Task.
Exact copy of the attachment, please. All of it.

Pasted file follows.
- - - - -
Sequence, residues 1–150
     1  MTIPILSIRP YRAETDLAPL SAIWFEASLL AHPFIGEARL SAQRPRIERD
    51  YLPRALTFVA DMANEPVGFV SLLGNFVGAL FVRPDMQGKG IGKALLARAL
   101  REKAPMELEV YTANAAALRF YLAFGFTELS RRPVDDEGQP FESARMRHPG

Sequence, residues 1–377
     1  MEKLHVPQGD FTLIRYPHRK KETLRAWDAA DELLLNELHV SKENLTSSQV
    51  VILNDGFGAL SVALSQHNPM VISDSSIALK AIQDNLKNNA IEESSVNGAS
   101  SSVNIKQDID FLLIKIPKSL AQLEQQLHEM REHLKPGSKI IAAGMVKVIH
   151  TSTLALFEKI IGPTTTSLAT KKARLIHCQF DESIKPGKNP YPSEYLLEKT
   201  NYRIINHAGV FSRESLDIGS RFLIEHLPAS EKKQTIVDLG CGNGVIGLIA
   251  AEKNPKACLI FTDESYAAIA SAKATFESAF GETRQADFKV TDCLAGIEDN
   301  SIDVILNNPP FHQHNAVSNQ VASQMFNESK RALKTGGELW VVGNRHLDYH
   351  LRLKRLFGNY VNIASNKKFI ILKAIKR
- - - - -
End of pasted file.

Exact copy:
Sequence, residues 1–150
     1  MTIPILSIRP YRAETDLAPL SAIWFEASLL AHPFIGEARL SAQRPRIERD
    51  YLPRALTFVA DMANEPVGFV SLLGNFVGAL FVRPDMQGKG IGKALLARAL
   101  REKAPMELEV YTANAAALRF YLAFGFTELS RRPVDDEGQP FESARMRHPG

Sequence, residues 1–377
     1  MEKLHVPQGD FTLIRYPHRK KETLRAWDAA DELLLNELHV SKENLTSSQV
    51  VILNDGFGAL SVALSQHNPM VISDSSIALK AIQDNLKNNA IEESSVNGAS
   101  SSVNIKQDID FLLIKIPKSL AQLEQQLHEM REHLKPGSKI IAAGMVKVIH
   151  TSTLALFEKI IGPTTTSLAT KKARLIHCQF DESIKPGKNP YPSEYLLEKT
   201  NYRIINHAGV FSRESLDIGS RFLIEHLPAS EKKQTIVDLG CGNGVIGLIA
   251  AEKNPKACLI FTDESYAAIA SAKATFESAF GETRQADFKV TDCLAGIEDN
   301  SIDVILNNPP FHQHNAVSNQ VASQMFNESK RALKTGGELW VVGNRHLDYH
   351  LRLKRLFGNY VNIASNKKFI ILKAIKR